A West Australian team has found evidence that the stomach ulcer bacterium, Helicobacter pylori, is associated with a lower risk of multiple sclerosis (MS), bolstering evidence for the role of the ‘hygiene hypothesis’ in autoimmune disorders.
In research published this week in the Journal of Neurology, Neurosurgery and Psychiatry, researchers, led by Clinical Professor Allan Kermode and Dr Marzena Fabis Pedrini at the Western Australian Neuroscience Research Institute (WANRI), in collaboration with Nobel Laureate, Professor Barry J Marshall AC, have revealed that prior infection with the ‘stomach ulcer bug’ Helicobacter Pylori (H. pylori) is associated with a lower risk of developing MS.
This work was supported by MS Research Australia, via Vacation Scholarships to students Kirsten Bennett and Alexander Wood of The University of Western Australia at WANRI and the Sir Charles Gairdner Hospital.
Dr Matthew Miles, Chief Executive Officer of MS Research Australia said ‘This is an outstanding example of the kind of research funded by MS Research Australia that can lead to designing new ways to treat or prevent MS.’
C/Professor Kermode said:
The results from this research may indicate that H. pylori has a protective effect against MS and also bolsters evidence for the role of the hygiene hypothesis in autoimmune diseases.
The hygiene hypothesis suggests that exposure to infections in early life may be required to prime the immune system and suppress the development of allergic and autoimmune conditions in later life. Increasing sanitation and use of anti-bacterial products has been put forward as a potential explanation for the growing incidence of allergies and autoimmune conditions in Western societies.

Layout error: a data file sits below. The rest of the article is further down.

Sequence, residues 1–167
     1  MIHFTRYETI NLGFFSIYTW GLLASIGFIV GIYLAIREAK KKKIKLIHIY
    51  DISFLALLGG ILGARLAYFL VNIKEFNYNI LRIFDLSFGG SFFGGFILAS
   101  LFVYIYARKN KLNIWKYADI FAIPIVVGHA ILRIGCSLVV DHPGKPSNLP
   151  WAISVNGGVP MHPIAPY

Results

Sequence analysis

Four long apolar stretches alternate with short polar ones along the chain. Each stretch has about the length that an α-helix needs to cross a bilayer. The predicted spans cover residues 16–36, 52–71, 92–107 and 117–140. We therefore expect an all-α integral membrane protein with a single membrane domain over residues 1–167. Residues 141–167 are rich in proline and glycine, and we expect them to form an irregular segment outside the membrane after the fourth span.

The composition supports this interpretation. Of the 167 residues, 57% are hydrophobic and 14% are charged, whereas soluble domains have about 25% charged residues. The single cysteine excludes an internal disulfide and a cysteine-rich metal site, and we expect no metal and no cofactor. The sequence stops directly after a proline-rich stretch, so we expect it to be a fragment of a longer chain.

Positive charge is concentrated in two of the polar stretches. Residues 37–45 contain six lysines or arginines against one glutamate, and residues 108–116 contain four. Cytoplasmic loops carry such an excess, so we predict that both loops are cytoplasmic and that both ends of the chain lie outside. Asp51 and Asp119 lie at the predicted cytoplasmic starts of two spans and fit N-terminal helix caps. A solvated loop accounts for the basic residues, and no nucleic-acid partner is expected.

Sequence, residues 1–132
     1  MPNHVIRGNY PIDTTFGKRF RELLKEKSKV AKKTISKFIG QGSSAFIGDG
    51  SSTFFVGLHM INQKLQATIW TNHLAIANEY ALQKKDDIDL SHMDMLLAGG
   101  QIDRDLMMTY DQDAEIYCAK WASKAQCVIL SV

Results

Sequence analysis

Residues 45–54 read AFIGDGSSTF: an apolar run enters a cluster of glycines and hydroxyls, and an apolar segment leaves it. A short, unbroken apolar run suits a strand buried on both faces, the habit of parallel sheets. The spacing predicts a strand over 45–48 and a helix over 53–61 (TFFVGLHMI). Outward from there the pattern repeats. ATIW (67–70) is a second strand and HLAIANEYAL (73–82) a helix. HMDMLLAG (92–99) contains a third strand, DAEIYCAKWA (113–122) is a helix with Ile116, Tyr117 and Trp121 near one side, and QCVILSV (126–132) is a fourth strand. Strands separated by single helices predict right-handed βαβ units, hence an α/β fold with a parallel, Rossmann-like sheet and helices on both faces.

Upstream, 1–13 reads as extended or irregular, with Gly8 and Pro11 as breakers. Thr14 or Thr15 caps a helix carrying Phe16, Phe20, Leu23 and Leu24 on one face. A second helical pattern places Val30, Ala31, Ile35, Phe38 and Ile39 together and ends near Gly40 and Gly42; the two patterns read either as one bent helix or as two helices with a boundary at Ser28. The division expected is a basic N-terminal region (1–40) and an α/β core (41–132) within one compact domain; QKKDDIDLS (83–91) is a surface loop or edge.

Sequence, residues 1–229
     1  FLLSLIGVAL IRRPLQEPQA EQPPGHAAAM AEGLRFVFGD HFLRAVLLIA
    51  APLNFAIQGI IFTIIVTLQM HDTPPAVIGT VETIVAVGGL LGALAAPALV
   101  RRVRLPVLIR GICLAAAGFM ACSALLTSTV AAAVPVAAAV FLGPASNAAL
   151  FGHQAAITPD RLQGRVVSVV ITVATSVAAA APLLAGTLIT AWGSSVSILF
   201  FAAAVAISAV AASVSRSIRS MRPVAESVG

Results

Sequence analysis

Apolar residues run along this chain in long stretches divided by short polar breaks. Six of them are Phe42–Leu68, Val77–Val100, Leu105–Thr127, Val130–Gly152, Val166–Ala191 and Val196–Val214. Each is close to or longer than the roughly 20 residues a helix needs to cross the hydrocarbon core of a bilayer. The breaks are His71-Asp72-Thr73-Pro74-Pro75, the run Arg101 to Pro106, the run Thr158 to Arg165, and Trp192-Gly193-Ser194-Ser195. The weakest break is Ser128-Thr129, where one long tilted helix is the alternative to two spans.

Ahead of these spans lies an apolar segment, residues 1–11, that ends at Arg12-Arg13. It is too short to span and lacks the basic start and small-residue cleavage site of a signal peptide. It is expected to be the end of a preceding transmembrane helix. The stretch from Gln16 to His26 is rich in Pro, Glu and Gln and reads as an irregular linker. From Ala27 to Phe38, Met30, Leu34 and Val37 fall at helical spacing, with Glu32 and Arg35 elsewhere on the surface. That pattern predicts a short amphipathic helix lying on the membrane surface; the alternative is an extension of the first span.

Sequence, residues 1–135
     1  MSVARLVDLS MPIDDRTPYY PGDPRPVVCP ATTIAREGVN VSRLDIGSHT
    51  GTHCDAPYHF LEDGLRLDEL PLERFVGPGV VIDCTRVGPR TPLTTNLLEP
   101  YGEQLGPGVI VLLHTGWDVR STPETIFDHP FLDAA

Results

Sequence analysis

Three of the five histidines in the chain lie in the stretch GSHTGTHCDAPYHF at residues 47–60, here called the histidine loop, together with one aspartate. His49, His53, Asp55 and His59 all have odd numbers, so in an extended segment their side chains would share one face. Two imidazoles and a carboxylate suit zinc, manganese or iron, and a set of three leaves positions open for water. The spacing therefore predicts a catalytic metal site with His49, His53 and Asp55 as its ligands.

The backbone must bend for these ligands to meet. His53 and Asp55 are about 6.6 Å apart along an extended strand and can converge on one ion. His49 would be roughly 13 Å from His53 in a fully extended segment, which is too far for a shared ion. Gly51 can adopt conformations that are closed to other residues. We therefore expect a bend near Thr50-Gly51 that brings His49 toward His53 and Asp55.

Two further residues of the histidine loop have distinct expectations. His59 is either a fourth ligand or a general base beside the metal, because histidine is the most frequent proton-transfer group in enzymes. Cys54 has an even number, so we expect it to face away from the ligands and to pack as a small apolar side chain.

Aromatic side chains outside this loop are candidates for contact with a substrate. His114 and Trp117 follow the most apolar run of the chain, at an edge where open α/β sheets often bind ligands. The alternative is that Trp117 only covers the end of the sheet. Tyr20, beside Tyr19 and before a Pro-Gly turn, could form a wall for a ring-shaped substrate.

H. pylori is known to infect around half the world’s population, and in the majority of people causes no symptoms. However, the bacterium was famously revealed as a cause of stomach ulcers by Australian Nobel Laureates, Professor Barry J Marshall and Professor Robin Warren.
Previous studies have looked for possible links between H. pylori and MS, but have included relatively small numbers of patients and produced conflicting results.
This is the largest study to date of the relationship between H. pylori and MS. It was enabled by the Perth Demyelinating Disease Database created by C/Professor Kermode and C/Professor Bill Carroll over eighteen years ago. This comprehensive database contains clinical and DNA information from over 80% of individuals registered with MS in Western Australia.
Dr David Blacker WANRI’s Medical Director said:
The scale of patient data captured by this database is an incredible asset to national and international researchers looking for answers in the field of demyelinating diseases like MS.
The team looked for evidence of prior infection with H. pylori in blood samples taken from 550 people with MS and compared this to samples from 299 age and sex matched healthy individuals from the Busselton Community Health Study.
Their study showed that H. pylori infection is more common in women who do not have MS and less common in women with MS, indicating that the presence of an H. pylori infection may reduce the risk of developing MS. The same association was not seen in men.
The authors speculate that infections such as H. pylori may shift the balance of the immune system to a less inflammatory state, therefore reducing the risk of immune hypersensitivity and lowering the likelihood of developing autoimmune disorders such as MS. However, why this effect is stronger in women than men requires further investigation.
Understanding exactly how past infections such as H. pylori influence the immune system could pave the way for designing new drugs that mimic this effect, to treat or prevent MS and other autoimmune diseases.
‘It is encouraging to see that Australian researchers are at the forefront of research discoveries and actively collaborate to ensure that progress can be made faster. This research gives hope to the people living with MS and their families. Congratulations to this outstanding group of West Australian researchers’ said Mr Marcus Stafford, CEO of the MS Society of WA.